Hitchhiker Starfish ID Please
Do you have these starfish growing in your tank? I do. They are called Asterina Starfish.
They are tiny starfish that grow up to be about a quarter of an inch to an inch across (Sprung 2001)—which I found out, through painstaking scientific examination, is approximately the same size as George Washington’s face on a quarter (Ulrich…being a knucklehead moments ago).
I typically notice them munching on algae on my aquarium glass, especially when the glass is dirty. I’m not sure if that’s when they are most active, or if that’s when I feel the most guilt for cleaning the glass.
How do I know they’re munching away? Starfish eat by extending their stomachs outside of a central cavity on the underside of their body. You can see this in action on the aquarium glass, where the soft, translucent stomach can be seen as a salmon color between the glass and the hard shell of the starfish.
In my tank, these starfish tend to be missing legs. It is rare to find them with what you may be thinking of asymmetrical. I learned that, like corals, these starfish reproduce from fragments of themselves, by a process called fission.
The big question is: are these starfish reef safe?
Are these starfish reef safe?
Whether or not these Asterina starfish are reef safe appears to be a more complicated question than you would think.
Julian Sprung, in Invertebrates, mentions that the smaller species feed on algae, but other larger species may sometimes feed on coral tissue and are considered to be dangerous in the reef aquarium, because they might feed on coral tissue and because they reproduce rapidly.
However, there appears to be a bit of an air of mystery about these starfish. There are plenty of forum threads about these little critters—and most of what I see online is people talking about proactively removing them from their tanks, in fear that these little critters will be coral predators—but I have seen very little proof of these critters in action.
Even in the Sprung book, there is an image of some Asterina starfish munching on an obviously dying stony coral, but the coral is hundreds of times larger than the Asterina starfish allegedly caught in the act of murder, but the entire coral mass has bleached…not just the parts the starfish have eaten. Which begs the question of whether the starfish were attracted to the dying coral or whether the starfish caused the demise of the coral.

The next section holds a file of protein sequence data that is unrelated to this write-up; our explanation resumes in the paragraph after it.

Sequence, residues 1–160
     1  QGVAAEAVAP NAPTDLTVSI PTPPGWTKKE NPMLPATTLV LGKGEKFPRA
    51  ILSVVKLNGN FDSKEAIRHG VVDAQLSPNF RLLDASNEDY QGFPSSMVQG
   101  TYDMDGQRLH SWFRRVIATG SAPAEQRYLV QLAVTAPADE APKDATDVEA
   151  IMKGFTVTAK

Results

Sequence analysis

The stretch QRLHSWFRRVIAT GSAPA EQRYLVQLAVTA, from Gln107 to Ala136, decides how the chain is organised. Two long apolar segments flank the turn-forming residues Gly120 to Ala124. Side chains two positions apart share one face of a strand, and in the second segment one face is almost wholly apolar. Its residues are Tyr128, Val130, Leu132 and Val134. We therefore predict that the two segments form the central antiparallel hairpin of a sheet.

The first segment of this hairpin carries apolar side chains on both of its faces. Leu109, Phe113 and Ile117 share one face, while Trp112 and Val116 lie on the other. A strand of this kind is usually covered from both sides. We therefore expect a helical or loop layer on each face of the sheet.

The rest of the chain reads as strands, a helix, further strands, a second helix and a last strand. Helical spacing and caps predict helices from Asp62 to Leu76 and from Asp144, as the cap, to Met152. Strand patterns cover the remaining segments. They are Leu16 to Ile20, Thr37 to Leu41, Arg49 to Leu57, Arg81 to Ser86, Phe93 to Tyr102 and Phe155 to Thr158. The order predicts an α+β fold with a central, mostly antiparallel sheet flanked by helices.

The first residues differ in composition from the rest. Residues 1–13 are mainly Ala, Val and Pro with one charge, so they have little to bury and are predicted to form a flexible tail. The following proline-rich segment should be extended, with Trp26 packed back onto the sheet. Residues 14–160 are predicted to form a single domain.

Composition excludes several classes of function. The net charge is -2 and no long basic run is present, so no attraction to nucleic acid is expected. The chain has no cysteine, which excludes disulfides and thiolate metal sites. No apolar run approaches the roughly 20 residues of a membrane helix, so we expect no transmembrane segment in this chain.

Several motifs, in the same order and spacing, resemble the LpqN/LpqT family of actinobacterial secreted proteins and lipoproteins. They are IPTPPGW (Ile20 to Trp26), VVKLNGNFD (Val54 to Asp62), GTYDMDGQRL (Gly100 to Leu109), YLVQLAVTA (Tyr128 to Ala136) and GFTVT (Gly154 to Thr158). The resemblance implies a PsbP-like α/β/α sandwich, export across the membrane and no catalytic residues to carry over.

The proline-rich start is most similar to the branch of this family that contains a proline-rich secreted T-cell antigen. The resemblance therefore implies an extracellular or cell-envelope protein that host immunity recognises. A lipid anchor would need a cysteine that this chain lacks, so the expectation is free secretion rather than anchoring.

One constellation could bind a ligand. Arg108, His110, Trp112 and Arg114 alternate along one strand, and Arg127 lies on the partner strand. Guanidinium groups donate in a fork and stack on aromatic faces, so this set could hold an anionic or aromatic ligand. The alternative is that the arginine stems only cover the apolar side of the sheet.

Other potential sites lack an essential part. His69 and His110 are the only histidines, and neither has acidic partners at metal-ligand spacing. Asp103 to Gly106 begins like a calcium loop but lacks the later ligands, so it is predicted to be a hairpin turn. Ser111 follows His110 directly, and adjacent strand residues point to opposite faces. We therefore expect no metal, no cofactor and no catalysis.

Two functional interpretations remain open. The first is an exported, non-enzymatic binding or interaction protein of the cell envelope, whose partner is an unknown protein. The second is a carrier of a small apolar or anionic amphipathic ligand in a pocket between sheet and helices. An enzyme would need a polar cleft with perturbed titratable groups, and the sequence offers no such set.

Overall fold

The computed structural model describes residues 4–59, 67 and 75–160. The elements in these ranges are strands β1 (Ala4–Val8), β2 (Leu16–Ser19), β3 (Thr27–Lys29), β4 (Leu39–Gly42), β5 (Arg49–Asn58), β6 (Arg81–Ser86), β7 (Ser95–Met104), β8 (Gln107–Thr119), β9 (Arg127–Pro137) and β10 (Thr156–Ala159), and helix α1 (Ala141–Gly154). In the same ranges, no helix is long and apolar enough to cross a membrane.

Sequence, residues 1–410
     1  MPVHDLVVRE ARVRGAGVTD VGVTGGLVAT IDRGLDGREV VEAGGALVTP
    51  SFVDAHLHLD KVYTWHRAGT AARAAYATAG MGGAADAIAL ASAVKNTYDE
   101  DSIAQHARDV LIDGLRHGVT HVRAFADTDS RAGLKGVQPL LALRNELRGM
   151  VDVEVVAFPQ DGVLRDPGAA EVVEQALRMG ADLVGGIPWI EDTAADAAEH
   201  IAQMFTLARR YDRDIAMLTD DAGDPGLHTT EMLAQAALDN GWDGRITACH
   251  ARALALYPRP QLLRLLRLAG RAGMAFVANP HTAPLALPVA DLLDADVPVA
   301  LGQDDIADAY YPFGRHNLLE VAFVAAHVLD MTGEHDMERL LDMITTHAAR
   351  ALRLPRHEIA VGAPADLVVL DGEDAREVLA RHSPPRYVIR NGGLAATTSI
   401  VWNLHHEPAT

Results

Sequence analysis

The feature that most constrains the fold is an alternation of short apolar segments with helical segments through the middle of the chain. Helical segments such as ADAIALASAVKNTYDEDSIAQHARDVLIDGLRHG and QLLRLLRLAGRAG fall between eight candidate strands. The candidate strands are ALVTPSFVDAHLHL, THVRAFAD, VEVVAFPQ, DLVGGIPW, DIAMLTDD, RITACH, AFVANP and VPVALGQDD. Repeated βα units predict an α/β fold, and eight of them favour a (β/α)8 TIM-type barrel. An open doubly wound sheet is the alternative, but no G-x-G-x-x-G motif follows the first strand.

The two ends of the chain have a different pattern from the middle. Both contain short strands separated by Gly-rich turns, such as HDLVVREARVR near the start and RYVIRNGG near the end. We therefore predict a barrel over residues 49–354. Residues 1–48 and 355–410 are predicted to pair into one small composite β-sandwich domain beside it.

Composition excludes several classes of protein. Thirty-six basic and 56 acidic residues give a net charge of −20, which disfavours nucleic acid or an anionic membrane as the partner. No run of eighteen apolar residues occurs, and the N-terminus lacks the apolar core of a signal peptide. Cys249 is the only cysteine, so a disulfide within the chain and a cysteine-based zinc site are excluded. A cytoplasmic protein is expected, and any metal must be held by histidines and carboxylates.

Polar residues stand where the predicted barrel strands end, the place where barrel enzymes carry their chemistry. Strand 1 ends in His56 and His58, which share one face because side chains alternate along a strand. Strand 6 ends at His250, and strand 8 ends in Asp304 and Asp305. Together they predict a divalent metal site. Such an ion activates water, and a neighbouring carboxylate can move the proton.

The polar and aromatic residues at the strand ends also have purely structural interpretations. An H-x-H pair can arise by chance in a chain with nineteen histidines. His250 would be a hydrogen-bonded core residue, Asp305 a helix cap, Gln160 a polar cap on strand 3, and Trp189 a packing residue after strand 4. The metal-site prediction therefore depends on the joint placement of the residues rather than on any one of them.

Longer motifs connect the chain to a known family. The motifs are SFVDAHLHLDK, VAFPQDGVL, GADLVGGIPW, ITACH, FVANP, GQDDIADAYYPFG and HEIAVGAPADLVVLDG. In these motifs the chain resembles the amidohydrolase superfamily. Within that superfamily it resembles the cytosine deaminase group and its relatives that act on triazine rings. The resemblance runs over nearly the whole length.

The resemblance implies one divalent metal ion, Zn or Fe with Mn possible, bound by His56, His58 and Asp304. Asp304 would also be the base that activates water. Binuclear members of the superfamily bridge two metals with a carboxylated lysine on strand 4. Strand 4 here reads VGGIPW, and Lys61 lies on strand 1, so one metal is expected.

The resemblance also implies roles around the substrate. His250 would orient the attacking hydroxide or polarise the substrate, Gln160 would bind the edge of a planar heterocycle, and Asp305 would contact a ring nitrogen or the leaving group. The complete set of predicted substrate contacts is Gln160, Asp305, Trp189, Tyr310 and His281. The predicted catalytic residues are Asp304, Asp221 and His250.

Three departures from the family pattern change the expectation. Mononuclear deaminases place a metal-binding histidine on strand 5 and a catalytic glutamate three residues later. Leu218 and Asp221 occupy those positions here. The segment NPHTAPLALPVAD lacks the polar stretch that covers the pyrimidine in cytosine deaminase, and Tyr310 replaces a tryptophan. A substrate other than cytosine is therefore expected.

There was a report of these critters causing problems (eating) at the base of SPS corals on GARF.org.
Asterina starfish are also thought to eat soft coral polyps, like green star polyps. I have kept green star polyps for years—and have yet to see anything stunt their growth, besides the air. The Asterina in my tank are always on the glass, never on the GSP, or zoanthids, for that matter.
Like the Aiptasia anemone, I think the Asterina starfish has a bad rap. Over the years, I have had a few different species (or at least color morphs) in my tank, and I’ve never noticed any problems.
Starfish are opportunistic eaters, I have no doubts about that—and in an immaculately cleaned tank, I can see a starfish resorting to whatever food source is available, but I have a hard time believing these little guys should be extinguished, en masse, if you don’t see them causing any problems.
With that said, if you have had personal, first-hand experience with asterina starfish causing problems, I encourage you to reply to this post and let us know. I will personally continue to watch these starfish with one suspiciously raised eyebrow, but for now, I am pronouncing them harmless…you know what…I’m going to elevate their status from harmless to helpful…since they appear to be cleaning up the aquarium glass, one George Washington face-full at a time. For that reason, I plan to live and let live